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Re: Answer to the question: What is a "value" to RDF

From: Graham Klyne <Graham.Klyne@MIMEsweeper.com>
Date: Fri, 16 Nov 2001 12:24:03 +0000
Message-Id: <5.1.0.14.2.20011116114441.03b3d860@joy.songbird.com>
To: Sergey Melnik <melnik@db.stanford.edu>
Cc: Pat Hayes <phayes@ai.uwf.edu>, Patrick.Stickler@nokia.com, w3c-rdfcore-wg@w3.org
At 05:31 PM 11/15/01 -0800, Sergey Melnik wrote:
>Pat Hayes wrote:
> > >and despite being clever or making some parts of the
> > >MT easier to define, I don't see it as making life any easier
> > >for implementors, but actually see it as making life harder
> > >for implementors (and knowledge producers)
> >
> > Actually I think there is a tradeoff here. The S and U proposals will
> > be harder on K. producers, since they require them to use a
> > particular syntax and insist that certain idioms be used. But they
> > will be easier on implementors, since inference will be simpler to
> > check and all applications can know exactly where to look for certain
> > kinds of information.

I'll offer my opinion that, in practical terms, ease-of-use for K. 
producers will be the most significant factor in easing take-up of RDF.  In 
a previous message 
[http://lists.w3.org/Archives/Public/w3c-rdfcore-wg/2001Sep/0111.html], I 
outlined my view on the importance of making it easy for existing 
applications to generate accessible data.

That said, I'm still hopeful we can have our cake and eat it...


> > As I understand the S option, that latter form would not be used
> > (except for cases like xsd:string, maybe, where the value space is
> > isomorphic to the lexical space)
> >
> > (Sergey, is that right??)
>
>It's hard say just "yes" or "no". I would regard the "locally typed"
>variant, of course, the best. In this case, the age of X is expressed
>using
>
>X --s:age--> D --s:inYears--> Y --s:inDecimal--> "12"
>
>Given that the semantics of s:age is that D must denote a duration,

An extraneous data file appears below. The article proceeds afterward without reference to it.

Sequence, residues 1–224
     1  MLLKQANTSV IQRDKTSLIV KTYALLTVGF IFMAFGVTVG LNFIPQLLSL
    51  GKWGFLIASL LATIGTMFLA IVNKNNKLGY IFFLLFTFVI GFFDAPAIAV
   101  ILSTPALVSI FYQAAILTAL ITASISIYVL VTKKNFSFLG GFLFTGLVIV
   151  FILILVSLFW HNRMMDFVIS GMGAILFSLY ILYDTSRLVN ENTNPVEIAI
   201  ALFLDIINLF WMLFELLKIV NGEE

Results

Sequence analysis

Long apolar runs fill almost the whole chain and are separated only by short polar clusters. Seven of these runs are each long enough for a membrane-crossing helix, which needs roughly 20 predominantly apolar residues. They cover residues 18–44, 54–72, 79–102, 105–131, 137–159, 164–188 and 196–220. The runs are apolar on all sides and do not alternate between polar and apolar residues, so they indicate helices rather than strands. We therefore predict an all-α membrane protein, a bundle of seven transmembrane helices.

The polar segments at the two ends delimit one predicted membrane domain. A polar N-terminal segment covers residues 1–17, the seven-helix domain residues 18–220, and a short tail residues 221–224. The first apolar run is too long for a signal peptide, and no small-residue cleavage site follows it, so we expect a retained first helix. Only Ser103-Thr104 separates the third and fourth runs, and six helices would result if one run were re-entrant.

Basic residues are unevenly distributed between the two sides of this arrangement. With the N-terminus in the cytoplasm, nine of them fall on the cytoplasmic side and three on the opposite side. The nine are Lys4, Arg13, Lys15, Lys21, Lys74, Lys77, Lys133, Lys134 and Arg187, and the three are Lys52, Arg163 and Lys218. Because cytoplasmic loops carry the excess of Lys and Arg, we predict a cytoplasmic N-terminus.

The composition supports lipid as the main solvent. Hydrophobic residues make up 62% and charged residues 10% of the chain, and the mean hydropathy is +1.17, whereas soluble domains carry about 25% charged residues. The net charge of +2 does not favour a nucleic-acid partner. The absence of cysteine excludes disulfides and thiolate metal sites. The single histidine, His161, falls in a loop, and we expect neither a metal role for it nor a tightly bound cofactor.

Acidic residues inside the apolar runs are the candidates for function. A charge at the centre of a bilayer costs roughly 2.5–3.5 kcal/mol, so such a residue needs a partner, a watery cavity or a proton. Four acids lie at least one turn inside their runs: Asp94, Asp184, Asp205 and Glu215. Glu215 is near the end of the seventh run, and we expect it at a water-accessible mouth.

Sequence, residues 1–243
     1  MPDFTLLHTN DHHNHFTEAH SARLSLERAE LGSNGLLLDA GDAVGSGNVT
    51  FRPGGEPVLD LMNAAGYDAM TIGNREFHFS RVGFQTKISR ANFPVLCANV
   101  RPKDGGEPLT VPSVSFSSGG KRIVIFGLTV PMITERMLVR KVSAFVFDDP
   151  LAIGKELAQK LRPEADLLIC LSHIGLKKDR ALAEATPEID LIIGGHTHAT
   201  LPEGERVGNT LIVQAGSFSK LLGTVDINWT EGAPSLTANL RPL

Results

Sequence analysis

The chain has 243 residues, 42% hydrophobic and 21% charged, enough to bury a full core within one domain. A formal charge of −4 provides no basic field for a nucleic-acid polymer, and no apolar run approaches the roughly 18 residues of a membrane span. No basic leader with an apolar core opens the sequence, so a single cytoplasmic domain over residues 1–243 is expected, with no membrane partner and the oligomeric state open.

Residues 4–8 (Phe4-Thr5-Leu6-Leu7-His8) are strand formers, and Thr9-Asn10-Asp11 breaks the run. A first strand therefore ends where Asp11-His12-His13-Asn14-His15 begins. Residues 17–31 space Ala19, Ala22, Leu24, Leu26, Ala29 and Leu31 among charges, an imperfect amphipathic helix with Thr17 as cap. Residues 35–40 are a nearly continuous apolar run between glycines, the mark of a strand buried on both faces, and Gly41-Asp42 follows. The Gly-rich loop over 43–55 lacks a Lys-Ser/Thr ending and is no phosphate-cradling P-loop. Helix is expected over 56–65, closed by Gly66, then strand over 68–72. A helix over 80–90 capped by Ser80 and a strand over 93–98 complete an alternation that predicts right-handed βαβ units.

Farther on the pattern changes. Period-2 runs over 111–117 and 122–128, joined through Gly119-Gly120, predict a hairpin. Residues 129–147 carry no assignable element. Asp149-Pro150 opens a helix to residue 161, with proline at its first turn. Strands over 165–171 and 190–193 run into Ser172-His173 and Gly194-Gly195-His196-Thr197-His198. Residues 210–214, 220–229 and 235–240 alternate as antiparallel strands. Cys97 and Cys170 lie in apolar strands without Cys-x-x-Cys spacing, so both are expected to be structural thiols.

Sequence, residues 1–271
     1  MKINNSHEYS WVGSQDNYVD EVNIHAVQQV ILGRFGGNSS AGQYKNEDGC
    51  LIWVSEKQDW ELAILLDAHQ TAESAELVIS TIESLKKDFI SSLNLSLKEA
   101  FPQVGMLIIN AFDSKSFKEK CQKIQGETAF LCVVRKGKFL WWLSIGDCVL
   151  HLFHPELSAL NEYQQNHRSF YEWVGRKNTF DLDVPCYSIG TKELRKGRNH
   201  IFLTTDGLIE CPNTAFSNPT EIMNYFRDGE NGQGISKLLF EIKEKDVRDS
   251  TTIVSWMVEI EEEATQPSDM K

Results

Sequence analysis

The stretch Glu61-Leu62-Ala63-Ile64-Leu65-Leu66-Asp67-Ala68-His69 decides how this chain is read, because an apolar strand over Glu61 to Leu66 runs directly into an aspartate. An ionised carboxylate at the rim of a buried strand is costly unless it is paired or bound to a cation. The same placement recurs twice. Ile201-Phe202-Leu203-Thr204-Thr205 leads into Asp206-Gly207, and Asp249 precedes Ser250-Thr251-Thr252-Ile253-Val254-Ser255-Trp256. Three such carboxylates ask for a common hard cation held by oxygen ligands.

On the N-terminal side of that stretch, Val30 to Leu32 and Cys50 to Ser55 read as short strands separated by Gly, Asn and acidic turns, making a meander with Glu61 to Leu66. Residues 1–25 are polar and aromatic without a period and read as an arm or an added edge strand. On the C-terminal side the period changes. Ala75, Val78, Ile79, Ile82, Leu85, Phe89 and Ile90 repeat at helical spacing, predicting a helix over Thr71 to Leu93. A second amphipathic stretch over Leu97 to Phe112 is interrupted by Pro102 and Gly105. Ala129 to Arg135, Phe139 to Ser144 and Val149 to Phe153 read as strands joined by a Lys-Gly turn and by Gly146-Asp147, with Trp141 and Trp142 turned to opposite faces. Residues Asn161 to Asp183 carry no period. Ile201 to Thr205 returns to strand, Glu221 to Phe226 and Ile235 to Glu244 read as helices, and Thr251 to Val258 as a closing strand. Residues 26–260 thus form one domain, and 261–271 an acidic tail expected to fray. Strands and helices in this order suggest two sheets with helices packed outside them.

>writing
>
>X --s:age--> "12"
>
>does not make any sense in S option. Hence, Pat, you are right - there
>is only one option.
>
>However, here is a different spin (inspired by Grahams CC/PP examples).
>Most certainly we'll find triples like
>
>X --my:age--> "12"
>
>(notice a different namespace - s:age and my:age are two different
>properties!)
>
>In S, the literal "12" denotes a string. Thus, my:age denotes a
>relationship between persons and strings, not between persons and
>durations. However, the property my:age can be viewed as a "shortcut"
>for
>
>X --s:age--> D --s:inYears--> Y --s:inDecimal--> "12"
>|                                                  ^
>+----------------------my:age----------------------+
>
>which may determine the duration D unambigously, or may not.
>
>my:age looks like some kind of "non-local" typing. However, I'm not sure
>Patrick had the same understanding when he was referring to it as the
>one I have in mind. The key point is that s:age and my:age are two
>distinct properties with different ranges and different semantics... In
>particular, using my:age has little to do with datatyping, since "12"
>still denotes just a string. No type is assigned to "12" by using the
>property my:age. The only immediate conclusion we can draw from (X
>my:age "12") is that the interpretation of X is restricted in some way.
>
> > >Honestly, I find that the S proposal bends (and breaks) just
> > >too many established intuitions and expectations about RDF
> > >semantics,
> >
> > I don't think it breaks the semantics at all; it just insists on a
> > rather rigorous way of understanding the meaning of literal labels.
> > That may ruffle many expectations, I concede. But part of our task
> > may be educational :-).

If we were working on a "greenfield site" [*] I'd adopt the S scheme 
straight away.  It's simple and coherent and doesn't preclude simplified 
use, as illustrated above..  But I still worry about backward 
compatibility.  ([*] UK planning (zoning) jargon for building on virgin 
land; preferred by property developers because it's cheaper than building 
on so-called "brownfield" sites.)

I'd like to consider a simple example:

     ex:foo ex:property "10" .
     ex:property rdfs:range xsd:integer .

Can this be legitimate?  If so, what can we say about it?

Could we, for example, allow rdf:type values like xsd:integer to be 
subclasses of rdfs:literal, so that the members of the value space are 
still just strings, but having a restricted lexical form?  Any 
interpretation of the string as (say) an integer would be outside the scope 
of RDF, but we could still have some inference from the above like:

     ex:foo ex:integerProperty _:int10node .
     _:int10node rdf:type xsdv:integer .
     _:int10node rdf:value "10" .

Here, xsdv:integer is informally related to xsd:integer in that 
ICEXT(I(xsd:integer)) is the lexical space of xsd:integer, and 
ICEXT(I(xsdv:integer)) is the value space, per XML schema.

#g


------------------------------------------------------------
Graham Klyne                    MIMEsweeper Group
Strategic Research              <http://www.mimesweeper.com>
<Graham.Klyne@MIMEsweeper.com>
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Received on Friday, 16 November 2001 07:36:41 EST

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